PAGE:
A Somali man only identified as “CD” has launched legal action against the United States and Germany, claiming that his father, “AB”, was unlawfully killed in a U.S. drone strike in Somalia in February 2012. The strike targeted Mohamed Sakr, a former British citizen accused of traveling to Somalia to join the terrorist group, Al-Shabaab. AB’s body was found among the wreckage left behind by the strike, including the bodies of several of his camels.
Pilots in the U.S., operating aircraft launched from Djibouti, remotely conduct drone strikes in Somalia. However, the data streams “on which the drones rely” are “funneled” through Ramstein air base in Germany. CD’s lawyers claim that Ramstein played a larger role in the strikes, asserting, “personnel at the base also analyze the material collected by drones before it passes to drone pilots.”
Amrit Singh, a senior lawyer at the Open Society Justice Initiative, claimed that the heart of this case lies in the controversy surrounding Germany’s involvement in what he calls, “a secret killing program.” CD has filed a criminal complaint accusing the U.S. and Germany of “the intentional killing of Sakr, and the death of AB as a consequence.”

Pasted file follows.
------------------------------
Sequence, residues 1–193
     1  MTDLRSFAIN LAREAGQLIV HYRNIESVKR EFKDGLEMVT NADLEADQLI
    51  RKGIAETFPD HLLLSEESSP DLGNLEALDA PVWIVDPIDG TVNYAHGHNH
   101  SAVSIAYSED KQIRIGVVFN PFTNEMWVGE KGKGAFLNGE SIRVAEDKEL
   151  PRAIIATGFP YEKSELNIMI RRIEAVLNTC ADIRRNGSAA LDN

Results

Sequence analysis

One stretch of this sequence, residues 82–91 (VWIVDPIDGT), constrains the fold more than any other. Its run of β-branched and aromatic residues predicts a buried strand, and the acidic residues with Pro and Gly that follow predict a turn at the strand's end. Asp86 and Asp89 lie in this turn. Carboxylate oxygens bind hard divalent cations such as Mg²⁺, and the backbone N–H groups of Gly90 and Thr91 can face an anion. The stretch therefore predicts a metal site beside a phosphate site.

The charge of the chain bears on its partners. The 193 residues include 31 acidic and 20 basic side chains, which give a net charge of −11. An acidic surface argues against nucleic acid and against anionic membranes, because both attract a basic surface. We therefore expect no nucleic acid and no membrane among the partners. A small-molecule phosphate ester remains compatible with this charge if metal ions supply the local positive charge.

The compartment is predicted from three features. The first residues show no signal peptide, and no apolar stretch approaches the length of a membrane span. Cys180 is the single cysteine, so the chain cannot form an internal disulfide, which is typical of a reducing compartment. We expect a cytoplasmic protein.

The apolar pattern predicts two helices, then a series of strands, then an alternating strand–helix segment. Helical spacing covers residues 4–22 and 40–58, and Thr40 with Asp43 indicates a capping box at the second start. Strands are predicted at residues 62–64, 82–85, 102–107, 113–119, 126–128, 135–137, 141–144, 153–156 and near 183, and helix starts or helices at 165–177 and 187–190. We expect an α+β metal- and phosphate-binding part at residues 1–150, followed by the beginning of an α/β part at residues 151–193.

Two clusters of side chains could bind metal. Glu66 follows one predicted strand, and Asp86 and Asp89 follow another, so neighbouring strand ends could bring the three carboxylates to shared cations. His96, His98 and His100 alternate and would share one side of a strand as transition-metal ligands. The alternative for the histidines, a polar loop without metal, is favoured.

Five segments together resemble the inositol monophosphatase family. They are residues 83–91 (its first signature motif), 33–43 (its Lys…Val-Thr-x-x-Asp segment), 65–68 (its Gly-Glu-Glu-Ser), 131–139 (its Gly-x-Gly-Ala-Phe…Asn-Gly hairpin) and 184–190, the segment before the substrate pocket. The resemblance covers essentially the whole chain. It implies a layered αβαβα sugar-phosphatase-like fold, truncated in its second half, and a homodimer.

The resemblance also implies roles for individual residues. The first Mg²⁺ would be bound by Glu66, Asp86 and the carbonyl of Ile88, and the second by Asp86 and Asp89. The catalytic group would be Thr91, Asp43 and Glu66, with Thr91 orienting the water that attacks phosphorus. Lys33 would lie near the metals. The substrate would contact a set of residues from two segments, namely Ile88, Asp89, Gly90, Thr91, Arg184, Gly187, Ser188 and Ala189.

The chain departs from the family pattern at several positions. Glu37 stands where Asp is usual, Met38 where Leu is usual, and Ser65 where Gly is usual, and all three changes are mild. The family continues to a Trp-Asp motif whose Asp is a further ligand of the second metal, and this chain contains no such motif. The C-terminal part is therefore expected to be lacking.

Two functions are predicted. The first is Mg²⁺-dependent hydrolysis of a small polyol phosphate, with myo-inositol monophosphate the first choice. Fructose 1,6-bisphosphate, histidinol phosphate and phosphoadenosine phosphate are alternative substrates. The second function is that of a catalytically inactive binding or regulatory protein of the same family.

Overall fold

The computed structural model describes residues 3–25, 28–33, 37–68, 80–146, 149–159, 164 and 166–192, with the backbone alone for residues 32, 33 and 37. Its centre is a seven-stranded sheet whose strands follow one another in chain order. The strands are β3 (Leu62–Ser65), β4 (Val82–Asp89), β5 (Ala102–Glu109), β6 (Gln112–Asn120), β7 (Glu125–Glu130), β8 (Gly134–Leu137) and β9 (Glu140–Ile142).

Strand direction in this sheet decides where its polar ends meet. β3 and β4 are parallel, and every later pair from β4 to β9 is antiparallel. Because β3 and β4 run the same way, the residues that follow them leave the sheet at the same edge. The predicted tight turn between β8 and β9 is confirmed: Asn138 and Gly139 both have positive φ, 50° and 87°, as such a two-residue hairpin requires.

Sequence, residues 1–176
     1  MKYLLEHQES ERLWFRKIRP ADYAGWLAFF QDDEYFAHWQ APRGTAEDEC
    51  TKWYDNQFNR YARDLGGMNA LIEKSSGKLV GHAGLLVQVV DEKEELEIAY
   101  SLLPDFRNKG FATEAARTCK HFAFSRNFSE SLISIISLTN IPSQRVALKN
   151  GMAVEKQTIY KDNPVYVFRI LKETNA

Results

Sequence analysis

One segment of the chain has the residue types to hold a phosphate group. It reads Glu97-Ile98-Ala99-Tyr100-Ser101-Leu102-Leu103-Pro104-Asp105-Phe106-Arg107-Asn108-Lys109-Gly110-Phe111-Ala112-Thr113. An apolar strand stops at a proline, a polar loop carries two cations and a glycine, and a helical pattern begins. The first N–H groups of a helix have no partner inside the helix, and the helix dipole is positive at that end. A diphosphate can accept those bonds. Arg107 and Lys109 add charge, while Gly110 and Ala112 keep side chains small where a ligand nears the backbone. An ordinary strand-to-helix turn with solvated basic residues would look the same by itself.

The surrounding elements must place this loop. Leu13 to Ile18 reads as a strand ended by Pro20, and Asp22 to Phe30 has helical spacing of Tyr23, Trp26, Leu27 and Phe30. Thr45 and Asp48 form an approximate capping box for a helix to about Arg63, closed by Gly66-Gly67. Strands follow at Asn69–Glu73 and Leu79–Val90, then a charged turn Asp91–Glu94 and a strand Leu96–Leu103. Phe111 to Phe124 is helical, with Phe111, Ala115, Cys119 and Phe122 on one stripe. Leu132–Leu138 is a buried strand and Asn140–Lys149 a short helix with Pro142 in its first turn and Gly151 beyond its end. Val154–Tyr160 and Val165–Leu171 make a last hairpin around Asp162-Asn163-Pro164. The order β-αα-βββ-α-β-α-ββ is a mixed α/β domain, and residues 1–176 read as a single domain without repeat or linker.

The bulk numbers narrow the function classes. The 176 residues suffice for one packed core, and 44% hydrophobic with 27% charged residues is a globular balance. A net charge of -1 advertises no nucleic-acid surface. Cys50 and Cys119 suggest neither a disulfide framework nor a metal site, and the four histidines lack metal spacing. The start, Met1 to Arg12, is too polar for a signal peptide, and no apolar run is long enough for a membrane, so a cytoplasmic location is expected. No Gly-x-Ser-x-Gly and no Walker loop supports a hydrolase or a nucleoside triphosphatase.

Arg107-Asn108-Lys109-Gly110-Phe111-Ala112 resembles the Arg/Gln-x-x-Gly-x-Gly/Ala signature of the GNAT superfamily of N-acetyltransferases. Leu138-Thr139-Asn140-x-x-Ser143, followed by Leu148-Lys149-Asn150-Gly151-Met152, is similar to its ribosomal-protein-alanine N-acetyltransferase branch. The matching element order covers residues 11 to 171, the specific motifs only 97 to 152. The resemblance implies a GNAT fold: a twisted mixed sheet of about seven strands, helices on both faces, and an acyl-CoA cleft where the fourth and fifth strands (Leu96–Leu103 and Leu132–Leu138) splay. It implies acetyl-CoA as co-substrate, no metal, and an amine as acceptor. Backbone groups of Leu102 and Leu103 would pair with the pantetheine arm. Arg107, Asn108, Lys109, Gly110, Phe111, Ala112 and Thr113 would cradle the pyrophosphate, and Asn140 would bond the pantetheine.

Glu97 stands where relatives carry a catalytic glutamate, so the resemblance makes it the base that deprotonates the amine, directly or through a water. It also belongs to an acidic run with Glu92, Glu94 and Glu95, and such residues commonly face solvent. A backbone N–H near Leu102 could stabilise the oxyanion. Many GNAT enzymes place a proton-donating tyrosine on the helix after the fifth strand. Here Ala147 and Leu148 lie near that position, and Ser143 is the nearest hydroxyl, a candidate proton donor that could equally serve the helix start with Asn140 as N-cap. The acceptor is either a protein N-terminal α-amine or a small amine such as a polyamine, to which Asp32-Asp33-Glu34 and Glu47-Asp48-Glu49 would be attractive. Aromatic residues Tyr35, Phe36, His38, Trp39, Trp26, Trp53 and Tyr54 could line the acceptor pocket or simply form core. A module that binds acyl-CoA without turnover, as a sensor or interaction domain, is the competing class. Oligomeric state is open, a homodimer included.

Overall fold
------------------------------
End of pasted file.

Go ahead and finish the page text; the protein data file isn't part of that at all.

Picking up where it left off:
One can imagine that if this case was presented in a U.S. court, that the court would invoke the state’s secrets doctrine to protect sensitive information in the case. However, the article states that information regarding Ramstein’s role in facilitating U.S. drone strikes was already revealed in documents that were leaked by Edward Snowden. There have been other cases brought forth claiming Germany’s involvement in U.S. drone strikes, however many have been dismissed due to the concern that it would be seen as “condemnation of the U.S.” or that it would breech German “separation of powers”, setting a dangerous precedent.
This case brings into question the legality of German involvement in support of U.S. drone strikes “outside of traditional battlefields.” It also questions the U.S.’s declaration of war on Al Qaeda. While Al-Shabaab is thought to be an Al Qaeda affiliate, it is unclear how closely tied the two groups are. In the “war on terror” it seems as though any terrorist group, regardless of their ability to pose an imminent threat against the U.S., is being included in this definition.
This case also highlights the issue of civilian casualties. Drone technology is only becoming more and more accurate, which further questions why AB, a camel herder, was also killed in the strike. Sakr was in a moving vehicle when the strike was carried out, however, it seems unlikely that the drone operator could not have waited until the vehicle was a safe distance away from AB and his herd, to carry out the strike.
Finally, this case demonstrates the “globalized” nature of national security. Drone operators located in the U.S. remotely operate aircraft in Djibouti using information processed in Germany, all to conduct an airstrike in Somalia. This disjointed line of operations complicates the legality of the airstrikes because many state actors are involved in the operations. It will be interesting to see how this case unfolds and affects other states’ willingness to work with the U.S. in conducting airstrikes.